Respect yourself and others online. Only post positive information about yourself and others. Also, show respect to other people online. This can include respecting other people’s personal information by not sharing anything about them without their permission. Finally, give respect to authors of copyrighted material by asking to use their work for projects and assignments and include attribution to the author or source when using their work.


Be honest with yourself and other people online. If something makes you feel uncomfortable, tell a trusted adult. If someone hurts your feelings online, let them know that your feelings were hurt. If you make a mistake, be honest. No one is perfect and we all make mistakes, but how we recover from those mistakes is what is most important. Finally, never lie about your age or other personal information online. Always tell the truth!


Be kind to others online. Apply the “Golden Rule” by treating people the way that you would like to be treated. Write positive feedback when peer editing. Post friendly comments on social media. Compliment others when you want to share something nice, and give kudos for important accomplishments and celebrations.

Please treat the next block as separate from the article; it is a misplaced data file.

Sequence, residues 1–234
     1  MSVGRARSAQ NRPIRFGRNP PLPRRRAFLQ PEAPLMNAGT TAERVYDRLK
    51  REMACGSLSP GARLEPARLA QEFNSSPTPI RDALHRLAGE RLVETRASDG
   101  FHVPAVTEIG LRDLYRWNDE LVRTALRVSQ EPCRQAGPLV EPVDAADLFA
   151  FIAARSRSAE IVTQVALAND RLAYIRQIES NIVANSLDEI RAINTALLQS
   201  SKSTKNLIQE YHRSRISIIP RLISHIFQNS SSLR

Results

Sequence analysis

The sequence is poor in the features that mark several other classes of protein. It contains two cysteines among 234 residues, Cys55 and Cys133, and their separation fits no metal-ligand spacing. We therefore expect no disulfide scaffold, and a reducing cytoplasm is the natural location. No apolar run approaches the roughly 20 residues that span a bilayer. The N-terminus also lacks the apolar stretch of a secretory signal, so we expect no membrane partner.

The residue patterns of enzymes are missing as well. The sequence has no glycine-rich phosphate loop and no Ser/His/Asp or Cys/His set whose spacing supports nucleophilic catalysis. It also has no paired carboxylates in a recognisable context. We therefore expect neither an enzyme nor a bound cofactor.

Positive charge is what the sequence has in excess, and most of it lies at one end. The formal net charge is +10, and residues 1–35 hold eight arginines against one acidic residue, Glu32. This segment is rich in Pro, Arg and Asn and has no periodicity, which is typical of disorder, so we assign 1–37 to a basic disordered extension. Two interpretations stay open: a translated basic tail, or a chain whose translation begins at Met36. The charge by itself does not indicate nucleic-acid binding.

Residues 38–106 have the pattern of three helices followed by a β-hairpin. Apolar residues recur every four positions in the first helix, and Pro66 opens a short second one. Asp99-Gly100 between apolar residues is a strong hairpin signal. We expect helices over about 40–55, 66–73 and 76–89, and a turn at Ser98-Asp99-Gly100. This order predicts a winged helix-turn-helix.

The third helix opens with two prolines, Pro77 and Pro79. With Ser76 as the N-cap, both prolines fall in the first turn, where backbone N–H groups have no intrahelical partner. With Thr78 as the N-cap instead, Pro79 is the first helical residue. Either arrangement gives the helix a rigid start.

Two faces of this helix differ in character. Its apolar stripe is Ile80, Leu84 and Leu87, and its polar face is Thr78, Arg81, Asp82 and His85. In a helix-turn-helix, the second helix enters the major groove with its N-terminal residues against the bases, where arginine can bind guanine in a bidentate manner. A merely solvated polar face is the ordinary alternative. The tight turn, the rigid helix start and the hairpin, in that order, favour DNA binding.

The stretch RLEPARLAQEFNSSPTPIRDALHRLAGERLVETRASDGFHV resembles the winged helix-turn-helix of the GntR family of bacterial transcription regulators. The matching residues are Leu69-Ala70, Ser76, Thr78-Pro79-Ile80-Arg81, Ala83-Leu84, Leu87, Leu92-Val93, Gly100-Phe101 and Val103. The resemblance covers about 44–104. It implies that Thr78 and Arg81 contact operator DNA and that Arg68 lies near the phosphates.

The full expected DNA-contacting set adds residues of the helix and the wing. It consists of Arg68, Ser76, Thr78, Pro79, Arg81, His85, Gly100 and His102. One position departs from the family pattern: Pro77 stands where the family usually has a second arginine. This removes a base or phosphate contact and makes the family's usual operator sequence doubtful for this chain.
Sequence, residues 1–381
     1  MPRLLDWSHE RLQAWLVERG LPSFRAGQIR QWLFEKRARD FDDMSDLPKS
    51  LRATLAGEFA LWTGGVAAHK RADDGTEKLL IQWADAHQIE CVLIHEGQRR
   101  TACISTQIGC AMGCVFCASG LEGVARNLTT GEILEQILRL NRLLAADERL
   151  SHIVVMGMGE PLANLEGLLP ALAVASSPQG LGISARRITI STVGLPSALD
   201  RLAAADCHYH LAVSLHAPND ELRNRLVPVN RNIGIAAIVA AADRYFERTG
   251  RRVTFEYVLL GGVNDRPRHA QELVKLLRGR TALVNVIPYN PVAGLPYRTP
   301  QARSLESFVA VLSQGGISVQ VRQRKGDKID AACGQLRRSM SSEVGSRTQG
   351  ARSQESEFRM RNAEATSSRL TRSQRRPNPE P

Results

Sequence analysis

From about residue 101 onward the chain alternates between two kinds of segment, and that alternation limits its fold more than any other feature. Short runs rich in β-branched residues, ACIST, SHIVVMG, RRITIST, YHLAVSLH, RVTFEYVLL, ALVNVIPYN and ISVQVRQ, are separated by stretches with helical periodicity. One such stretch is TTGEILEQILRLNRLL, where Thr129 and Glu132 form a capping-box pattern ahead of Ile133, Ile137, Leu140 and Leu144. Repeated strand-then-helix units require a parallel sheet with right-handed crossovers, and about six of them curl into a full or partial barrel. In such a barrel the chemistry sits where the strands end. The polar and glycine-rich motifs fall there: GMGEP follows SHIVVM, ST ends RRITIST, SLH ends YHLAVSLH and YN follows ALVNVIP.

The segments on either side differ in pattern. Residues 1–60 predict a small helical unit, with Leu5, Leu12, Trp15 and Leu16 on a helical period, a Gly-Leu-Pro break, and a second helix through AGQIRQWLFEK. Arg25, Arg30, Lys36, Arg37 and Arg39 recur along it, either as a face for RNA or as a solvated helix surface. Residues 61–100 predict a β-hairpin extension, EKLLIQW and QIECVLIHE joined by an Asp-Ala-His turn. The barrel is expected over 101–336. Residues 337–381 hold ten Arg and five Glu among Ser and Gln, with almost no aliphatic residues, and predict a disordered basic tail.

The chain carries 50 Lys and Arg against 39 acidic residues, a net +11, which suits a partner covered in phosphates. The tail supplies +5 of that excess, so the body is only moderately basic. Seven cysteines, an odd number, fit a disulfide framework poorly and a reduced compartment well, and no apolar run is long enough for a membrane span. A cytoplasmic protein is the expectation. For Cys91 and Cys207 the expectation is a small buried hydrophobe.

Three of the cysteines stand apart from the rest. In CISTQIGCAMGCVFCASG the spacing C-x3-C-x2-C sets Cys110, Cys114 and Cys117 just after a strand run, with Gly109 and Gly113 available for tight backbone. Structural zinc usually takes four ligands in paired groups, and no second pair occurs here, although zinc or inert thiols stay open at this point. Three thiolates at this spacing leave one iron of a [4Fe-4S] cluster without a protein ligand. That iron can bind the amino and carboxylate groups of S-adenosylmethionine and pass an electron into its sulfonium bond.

Students have the ability to do incredible things online, but we have to trust them before we can empower them. Trust that our students will make good decisions online. Trust that they will do the right thing when faced with challenging situations. And trust that they will ask you for help when they don’t know what to do. The more our students feel trusted, the more they will become trustworthy.


Be a citizen both offline and online. This includes using your rights and responsibilities as digital citizens. You have the right to keep your information private, protected, and secured. Always check your privacy settings on social media and be sure to have a safe and secure password for your accounts. You also have the responsibility to report offensive or threatening content and behavior online. Look out for yourself, but also look out for each other. Not just because it is your right and responsibility, but because it is the right thing to do.